6 out of 200: Aastha Mehta is developing plugs for data leaks

Aastha Mehta
Photo courtesy of Aastha Mehta

Meet Aastha Mehta in this Q&A series with 6 out of 200 computer scientists and mathematicians participating at the 4th Heidelberg Laureate Forum, September 18-23, 2016. 22 Laureates (Abel Prize, Fields Medal, Nevanlinna Prize, and ACM Turing Award) will attend the forum together with them. For a full week, Heidelberg in Germany will be the hot spot of mathematics and computer science.

What is your name and where are you from? I am Aastha Mehta from India

Where did you study and where are you currently based? I completed my bachelors in computer science from Birla Institute of Technology and Science (BITS) Pilani in India. I am now based in Saarbruecken, Germany.

What is your current position? I am a PhD student at Max Planck Institute for Software Systems

What is the focus of your research? Have you noticed, that when you search for something on Google or Bing, the search results include not only public data, but also your private data, such as your emails or flight information? What if the search engine accidentally shared your private data with somebody else? Web services such as search engines, and social networks are very complex, and often suffer from such data leaks. My recent work enables web service providers to protect confidentiality of the data used in the services. The confidentiality “policies” may come from the clients (end-users of the services), the providers themselves, or the local jurisdiction. I have been designing various “policy compliance” systems, which provide a framework to specify such policies concisely, and a mechanism to enforce them systematically and efficiently.

Why did you become a computer scientist? Computer science has been a very popular field in the recent years. I was interested in mathematics and engineering, and decided to try out computer science. I do not regret my choice!

What are you doing besides research? I love dancing. I am trained in Bharatanatyam, one of the eight Indian classical dance forms. In my free time, I practice my dance. I have participated in Indian cultural evenings hosted at my university, where I have enjoyed choreographing and teaching Indian dance to my non-Indian friends. I have also explored a bit of standard and latin dances.

What do you see yourself doing in 10 years? I am interested in pursuing a career in academic research, and continue my dancing!

Why did you apply for the HLF? I have heard a lot about HLF from some of my colleagues who attended the forum earlier. HLF provides an excellent platform to meet with eminent computer scientists and mathematicians, and socialize over a broad range of research topics. I want to attend HLF to hear about the exciting research being carried out in different areas, and understand how the different areas interact and influence each other.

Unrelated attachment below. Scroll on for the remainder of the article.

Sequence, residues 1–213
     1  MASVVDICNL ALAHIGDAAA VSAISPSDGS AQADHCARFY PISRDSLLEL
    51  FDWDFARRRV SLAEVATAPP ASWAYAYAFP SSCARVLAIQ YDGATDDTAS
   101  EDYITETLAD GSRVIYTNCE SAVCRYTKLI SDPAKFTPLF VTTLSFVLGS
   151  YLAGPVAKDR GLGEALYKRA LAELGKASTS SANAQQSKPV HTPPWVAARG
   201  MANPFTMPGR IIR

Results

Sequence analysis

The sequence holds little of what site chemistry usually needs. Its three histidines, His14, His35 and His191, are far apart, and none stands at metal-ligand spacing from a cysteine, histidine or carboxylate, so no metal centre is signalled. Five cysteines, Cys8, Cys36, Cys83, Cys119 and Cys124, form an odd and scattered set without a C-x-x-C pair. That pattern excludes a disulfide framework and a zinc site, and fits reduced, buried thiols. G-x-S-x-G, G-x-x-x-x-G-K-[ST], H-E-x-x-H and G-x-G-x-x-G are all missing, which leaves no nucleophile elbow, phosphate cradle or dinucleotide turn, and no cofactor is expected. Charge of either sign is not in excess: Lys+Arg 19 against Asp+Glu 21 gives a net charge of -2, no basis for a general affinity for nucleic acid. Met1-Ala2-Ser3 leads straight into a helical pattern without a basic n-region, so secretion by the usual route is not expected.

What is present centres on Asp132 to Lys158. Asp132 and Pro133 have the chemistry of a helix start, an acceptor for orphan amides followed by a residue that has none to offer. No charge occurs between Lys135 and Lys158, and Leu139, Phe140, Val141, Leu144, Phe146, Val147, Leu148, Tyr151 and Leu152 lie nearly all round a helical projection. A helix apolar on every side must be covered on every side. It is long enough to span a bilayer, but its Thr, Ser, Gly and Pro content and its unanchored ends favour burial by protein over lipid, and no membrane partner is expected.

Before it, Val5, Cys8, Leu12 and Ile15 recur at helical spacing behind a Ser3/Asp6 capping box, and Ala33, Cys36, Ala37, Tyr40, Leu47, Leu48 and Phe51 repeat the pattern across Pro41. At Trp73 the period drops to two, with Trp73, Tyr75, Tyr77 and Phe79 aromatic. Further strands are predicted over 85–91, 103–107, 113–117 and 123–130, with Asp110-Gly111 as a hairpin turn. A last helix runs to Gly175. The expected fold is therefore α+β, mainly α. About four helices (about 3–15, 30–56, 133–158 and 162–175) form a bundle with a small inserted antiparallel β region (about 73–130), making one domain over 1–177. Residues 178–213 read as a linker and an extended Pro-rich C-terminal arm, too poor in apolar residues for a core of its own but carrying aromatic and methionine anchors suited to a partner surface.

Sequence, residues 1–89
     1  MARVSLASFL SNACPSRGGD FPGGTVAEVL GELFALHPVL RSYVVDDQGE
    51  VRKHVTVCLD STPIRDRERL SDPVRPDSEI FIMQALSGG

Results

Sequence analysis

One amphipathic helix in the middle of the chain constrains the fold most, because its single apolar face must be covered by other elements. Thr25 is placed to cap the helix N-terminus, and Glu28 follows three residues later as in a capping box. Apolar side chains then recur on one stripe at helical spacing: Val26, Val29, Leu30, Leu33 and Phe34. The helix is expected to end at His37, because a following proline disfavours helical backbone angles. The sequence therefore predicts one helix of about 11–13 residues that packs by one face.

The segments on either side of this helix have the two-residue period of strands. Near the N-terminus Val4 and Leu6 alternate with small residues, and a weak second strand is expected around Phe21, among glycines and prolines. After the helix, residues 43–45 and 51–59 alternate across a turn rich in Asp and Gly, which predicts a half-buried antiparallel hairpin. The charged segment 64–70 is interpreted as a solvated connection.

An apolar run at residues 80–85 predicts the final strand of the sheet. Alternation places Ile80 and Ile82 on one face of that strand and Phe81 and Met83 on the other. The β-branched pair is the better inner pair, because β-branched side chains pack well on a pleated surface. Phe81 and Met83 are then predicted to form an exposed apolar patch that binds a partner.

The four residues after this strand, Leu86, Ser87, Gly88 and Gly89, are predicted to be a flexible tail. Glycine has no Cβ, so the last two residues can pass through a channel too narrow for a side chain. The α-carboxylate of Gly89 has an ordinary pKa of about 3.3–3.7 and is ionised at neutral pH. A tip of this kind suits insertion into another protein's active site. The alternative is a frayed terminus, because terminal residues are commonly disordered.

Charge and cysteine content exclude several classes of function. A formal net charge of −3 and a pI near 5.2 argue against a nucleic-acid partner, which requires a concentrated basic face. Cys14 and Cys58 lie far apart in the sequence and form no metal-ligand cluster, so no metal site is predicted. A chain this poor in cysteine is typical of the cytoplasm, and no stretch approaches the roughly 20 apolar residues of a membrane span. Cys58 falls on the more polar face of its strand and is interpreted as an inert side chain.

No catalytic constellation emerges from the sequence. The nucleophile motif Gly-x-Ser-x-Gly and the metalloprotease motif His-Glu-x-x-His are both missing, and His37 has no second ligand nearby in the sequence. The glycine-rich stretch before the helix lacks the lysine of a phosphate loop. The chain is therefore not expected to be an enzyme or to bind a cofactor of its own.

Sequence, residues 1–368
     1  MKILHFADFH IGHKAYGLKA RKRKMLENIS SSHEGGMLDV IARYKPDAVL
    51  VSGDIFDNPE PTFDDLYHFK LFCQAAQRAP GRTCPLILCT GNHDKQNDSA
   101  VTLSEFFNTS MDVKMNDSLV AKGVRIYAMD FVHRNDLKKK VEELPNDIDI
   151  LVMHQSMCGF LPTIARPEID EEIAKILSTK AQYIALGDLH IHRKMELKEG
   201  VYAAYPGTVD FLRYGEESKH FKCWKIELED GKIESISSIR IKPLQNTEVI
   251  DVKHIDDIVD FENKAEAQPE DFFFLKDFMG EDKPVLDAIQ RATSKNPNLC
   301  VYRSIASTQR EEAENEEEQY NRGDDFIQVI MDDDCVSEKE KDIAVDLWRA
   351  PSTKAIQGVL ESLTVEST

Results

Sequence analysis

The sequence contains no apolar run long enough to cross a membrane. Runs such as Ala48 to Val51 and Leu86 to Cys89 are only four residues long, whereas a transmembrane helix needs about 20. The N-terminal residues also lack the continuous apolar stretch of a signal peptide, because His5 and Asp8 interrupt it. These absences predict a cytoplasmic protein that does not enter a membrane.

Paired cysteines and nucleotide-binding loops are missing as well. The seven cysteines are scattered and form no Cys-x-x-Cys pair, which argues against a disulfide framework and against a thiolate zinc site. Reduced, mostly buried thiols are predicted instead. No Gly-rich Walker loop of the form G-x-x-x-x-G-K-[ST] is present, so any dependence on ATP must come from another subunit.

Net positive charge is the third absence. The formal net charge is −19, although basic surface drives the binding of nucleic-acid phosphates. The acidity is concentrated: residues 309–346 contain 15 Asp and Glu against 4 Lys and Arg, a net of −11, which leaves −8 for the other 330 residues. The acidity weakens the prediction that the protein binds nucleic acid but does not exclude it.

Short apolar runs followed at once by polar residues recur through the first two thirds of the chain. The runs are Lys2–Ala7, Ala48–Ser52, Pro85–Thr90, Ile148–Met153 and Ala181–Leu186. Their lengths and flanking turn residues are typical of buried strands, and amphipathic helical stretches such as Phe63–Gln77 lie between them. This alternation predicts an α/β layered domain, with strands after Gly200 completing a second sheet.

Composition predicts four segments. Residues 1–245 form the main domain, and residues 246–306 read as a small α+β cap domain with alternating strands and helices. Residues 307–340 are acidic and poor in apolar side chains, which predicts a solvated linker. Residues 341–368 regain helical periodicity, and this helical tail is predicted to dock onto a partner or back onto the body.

What do you expect from this meeting? As a systems researcher, I have observed that theoretical ideas and results are increasingly being used in practical, real-world systems. Through interactions with researchers at HLF, I would like to explore new ideas for building systems.

200-große-PunkteWhich laureates present at the forum would you really like to talk to? Barbara Liskov has made several fundamental contributions in multiple areas of computer systems. Some of her recent work is also related to my current research, and I would be interested in meeting her. Although I am not related with Mathematics, I am greatly inspired by Manjul Bhargava, and would like to meet him as well.

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Tobias Maier ist promovierter Molekularbiologe mit über zehn Jahren Forschungserfahrung an internationalen Instituten. Er ist Wissenschaftlicher Leiter am Nationalen Institut für Wissenschaftskommunikation (NaWik) in Karlsruhe. Seit 2008 schreibt Tobias das Blog WeiterGen auf den deutschen ScienceBlogs und twittert unter @WeiterGen. --- Tobias Maier is a science communication professional with a ten year track record in biomedical research. He’s the scientific head at the National Institute for Science Communication in Germany (NaWik). Tobias writes a blog on the German ScienceBlogs network and he’s on Twitter as @WeiterGen


  1. Undoubtedly extremely good meeting aastha. Your occupation goals in addition to your enthusiasm will definitely be a source of motivation for every person.

  2. Undoubtedly extremely excellent meeting Aastha. Your profession goals along with your interest will most definitely provide motivation for every individual.

  3. Indeed very first-rate interview Aastha. Your career objectives along together with your passion will undoubtedly be a supply of motivation for all people.

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